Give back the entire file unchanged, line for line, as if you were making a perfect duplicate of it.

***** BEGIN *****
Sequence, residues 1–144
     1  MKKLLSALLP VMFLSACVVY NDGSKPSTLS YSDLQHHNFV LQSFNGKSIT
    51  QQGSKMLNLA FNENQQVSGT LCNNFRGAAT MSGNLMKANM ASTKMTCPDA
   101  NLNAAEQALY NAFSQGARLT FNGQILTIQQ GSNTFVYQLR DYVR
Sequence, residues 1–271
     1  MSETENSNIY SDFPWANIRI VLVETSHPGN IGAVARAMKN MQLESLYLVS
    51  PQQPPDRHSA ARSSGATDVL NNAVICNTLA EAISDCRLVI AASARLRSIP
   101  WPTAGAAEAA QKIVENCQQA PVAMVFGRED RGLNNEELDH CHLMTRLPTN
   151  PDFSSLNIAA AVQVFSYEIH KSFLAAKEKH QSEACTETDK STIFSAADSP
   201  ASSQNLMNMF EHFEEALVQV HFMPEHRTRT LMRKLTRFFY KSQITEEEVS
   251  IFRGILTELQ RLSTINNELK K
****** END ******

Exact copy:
Sequence, residues 1–144
     1  MKKLLSALLP VMFLSACVVY NDGSKPSTLS YSDLQHHNFV LQSFNGKSIT
    51  QQGSKMLNLA FNENQQVSGT LCNNFRGAAT MSGNLMKANM ASTKMTCPDA
   101  NLNAAEQALY NAFSQGARLT FNGQILTIQQ GSNTFVYQLR DYVR
Sequence, residues 1–271
     1  MSETENSNIY SDFPWANIRI VLVETSHPGN IGAVARAMKN MQLESLYLVS
    51  PQQPPDRHSA ARSSGATDVL NNAVICNTLA EAISDCRLVI AASARLRSIP
   101  WPTAGAAEAA QKIVENCQQA PVAMVFGRED RGLNNEELDH CHLMTRLPTN
   151  PDFSSLNIAA AVQVFSYEIH KSFLAAKEKH QSEACTETDK STIFSAADSP
   201  ASSQNLMNMF EHFEEALVQV HFMPEHRTRT LMRKLTRFFY KSQITEEEVS
   251  IFRGILTELQ RLSTINNELK K